Posted tagged ‘debt’

Healthcare and Simple Math

July 16, 2009

I have to tell you I got pretty excited last night watching the news.  It seems that the House has come up with a way to afford the new universal healthcare package the government is going to provide, and it will actually save as much as it costs!

The plan is simple.  The new universal healthcare plan will cost a TRILLION a year, and we can get that money by taxing the RICH and small businesses an extra 5%.  Pretty cool, I think.  Plus, and here is the best part, our government leaders are promising that so many reforms will be made in the new universal healthcare package that it will actually save an extra $500 BILLION to $1 TRILLION a year.  One Democrat leader even promised that if the savings was $1 TRILLION they would rescind the 5% tax hike on the RICH and on small business.

So, here are some math questions I have, as well as some foundational truths.

Truth #1 – Isn’t the future viability of our country based on the ability of our country to stay prosperous and financially stable?  It seems to me that our biggest challenge right now is our debt level and our sluggish economy.

Idea # 1 — What if we just put a 12-month freeze on universal healthcare, passed the tax increase on the rich, and used the money to pay off $1 TRILLION in debt?  I would also pass a law that we cut the total government budget by 10%.  It seems like most American citizens and businesses have cut back their spending by 10%; I think our elected leaders need to do the same and lead by example for a change!  I know many businesses (ours included) have had pay cuts of at least 10% – what if all government employees got a 10% pay cut?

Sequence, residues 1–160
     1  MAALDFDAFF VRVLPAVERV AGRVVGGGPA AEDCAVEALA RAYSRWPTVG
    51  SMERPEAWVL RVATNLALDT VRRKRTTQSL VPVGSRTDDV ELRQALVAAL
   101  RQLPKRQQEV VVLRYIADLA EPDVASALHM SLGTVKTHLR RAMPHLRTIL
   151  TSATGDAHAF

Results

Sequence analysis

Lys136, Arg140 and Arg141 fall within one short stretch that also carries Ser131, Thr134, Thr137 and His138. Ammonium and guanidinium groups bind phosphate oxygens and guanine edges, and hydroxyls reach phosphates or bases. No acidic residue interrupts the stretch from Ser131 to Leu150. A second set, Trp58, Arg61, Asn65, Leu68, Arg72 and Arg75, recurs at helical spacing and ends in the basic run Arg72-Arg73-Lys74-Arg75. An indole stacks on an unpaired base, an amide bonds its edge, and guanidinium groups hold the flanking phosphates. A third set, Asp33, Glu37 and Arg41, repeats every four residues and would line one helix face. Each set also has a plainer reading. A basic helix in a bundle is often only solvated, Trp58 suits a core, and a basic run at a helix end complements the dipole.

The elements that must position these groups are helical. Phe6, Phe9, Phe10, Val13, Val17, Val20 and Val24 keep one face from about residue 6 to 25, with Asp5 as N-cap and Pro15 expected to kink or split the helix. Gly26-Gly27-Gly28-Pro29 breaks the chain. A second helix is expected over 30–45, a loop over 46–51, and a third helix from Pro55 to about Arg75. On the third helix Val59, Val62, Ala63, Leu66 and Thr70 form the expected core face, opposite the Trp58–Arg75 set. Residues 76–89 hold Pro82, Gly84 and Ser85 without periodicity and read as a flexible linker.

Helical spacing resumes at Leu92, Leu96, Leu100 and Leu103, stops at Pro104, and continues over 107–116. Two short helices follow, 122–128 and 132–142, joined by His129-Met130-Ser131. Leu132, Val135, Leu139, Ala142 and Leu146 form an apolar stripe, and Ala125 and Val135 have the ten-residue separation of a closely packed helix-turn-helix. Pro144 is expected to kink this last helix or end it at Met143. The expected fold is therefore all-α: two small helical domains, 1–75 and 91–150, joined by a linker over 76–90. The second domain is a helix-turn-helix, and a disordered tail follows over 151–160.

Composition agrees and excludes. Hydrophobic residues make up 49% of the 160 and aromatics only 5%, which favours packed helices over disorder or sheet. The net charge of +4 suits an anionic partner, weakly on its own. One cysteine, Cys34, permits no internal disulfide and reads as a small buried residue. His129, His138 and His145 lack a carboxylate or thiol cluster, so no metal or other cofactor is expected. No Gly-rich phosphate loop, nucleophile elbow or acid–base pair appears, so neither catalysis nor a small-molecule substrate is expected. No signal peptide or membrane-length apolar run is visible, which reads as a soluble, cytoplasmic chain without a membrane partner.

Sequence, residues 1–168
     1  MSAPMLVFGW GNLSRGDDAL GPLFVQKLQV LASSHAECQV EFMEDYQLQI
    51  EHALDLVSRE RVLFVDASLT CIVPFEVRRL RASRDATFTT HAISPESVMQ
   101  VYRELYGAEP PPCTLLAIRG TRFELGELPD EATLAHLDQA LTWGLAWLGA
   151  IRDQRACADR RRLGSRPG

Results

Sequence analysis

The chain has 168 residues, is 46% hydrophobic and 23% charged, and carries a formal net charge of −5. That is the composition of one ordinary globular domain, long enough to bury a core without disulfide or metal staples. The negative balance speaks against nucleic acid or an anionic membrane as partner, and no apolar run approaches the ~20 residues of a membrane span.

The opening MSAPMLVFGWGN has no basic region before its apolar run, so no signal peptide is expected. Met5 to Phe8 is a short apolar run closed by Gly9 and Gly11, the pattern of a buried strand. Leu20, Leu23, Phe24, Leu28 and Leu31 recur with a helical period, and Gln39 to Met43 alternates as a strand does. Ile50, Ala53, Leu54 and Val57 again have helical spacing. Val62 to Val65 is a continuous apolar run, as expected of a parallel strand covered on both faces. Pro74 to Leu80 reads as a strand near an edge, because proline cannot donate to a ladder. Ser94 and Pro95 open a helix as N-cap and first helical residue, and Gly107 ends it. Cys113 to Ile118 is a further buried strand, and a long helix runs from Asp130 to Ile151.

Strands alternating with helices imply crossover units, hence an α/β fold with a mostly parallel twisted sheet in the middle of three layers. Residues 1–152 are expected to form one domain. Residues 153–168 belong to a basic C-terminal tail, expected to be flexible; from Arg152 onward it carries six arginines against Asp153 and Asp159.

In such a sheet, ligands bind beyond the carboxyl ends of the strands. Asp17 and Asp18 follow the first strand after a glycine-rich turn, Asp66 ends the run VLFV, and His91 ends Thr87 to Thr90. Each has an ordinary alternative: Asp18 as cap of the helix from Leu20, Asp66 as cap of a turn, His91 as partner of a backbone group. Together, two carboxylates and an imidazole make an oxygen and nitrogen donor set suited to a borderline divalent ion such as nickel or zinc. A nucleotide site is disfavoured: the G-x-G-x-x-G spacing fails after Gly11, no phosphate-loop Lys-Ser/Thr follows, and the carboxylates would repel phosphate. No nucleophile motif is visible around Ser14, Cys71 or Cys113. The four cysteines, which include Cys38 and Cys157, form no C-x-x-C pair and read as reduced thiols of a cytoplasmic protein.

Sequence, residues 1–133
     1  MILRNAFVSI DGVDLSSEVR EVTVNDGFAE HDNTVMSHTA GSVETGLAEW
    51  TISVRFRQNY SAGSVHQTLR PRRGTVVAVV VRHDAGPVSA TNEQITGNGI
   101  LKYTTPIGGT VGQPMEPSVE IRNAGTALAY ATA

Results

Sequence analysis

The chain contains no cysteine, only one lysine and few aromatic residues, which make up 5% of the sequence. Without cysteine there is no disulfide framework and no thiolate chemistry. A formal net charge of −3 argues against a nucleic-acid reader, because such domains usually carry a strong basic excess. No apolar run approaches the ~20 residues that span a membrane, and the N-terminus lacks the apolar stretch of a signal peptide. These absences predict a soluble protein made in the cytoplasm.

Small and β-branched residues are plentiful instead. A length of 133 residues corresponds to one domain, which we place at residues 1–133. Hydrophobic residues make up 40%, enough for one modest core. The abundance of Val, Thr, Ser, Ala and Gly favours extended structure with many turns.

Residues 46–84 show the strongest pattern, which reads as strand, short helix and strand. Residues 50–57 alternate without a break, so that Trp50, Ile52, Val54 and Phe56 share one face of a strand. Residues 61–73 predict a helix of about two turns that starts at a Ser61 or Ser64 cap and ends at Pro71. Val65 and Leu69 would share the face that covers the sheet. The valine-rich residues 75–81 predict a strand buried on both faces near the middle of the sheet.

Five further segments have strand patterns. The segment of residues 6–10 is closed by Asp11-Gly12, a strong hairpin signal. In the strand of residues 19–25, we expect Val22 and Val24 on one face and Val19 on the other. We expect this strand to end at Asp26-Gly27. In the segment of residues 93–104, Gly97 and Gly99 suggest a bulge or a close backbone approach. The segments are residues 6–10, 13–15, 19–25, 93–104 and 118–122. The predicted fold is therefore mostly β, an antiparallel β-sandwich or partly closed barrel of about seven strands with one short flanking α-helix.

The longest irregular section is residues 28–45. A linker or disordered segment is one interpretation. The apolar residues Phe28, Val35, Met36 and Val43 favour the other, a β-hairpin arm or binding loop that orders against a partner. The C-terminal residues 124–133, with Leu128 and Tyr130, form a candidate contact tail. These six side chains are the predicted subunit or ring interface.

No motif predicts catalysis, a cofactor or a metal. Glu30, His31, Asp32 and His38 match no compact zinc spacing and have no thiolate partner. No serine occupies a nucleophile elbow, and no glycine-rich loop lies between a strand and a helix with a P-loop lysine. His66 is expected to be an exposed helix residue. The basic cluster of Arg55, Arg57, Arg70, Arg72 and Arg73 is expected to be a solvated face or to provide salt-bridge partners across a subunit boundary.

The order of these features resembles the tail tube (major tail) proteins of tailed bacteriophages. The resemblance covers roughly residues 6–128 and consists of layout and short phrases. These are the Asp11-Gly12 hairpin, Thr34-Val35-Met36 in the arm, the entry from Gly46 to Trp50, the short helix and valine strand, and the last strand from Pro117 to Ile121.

Idea #2 – At the end of 12 months, we take the money we would have paid in interest on the $1 TRILLION in debt we paid off, and we use it to reform the healthcare system we have now.  We use the money on the things that will give us the biggest savings first.  Wow, all of a sudden the universal healthcare is starting to pay for itself, the only difference being is we waited one year to start and our debt is reduced by $1 TRILLION.  If we kept this up for the next eight years, we would be out of debt and have universal healthcare that pays for itself!  (You can check out our national debt here)

Truth #2 — Some people really need healthcare and they can’t afford it, through no fault of their own.

Idea #3 — I agree 100% with this, and I think almost every American does as well.  I hear different numbers on how many people don’t have healthcare because they can’t afford it  all of the time, so please correct me or point me to the real figures if I am substantially off base.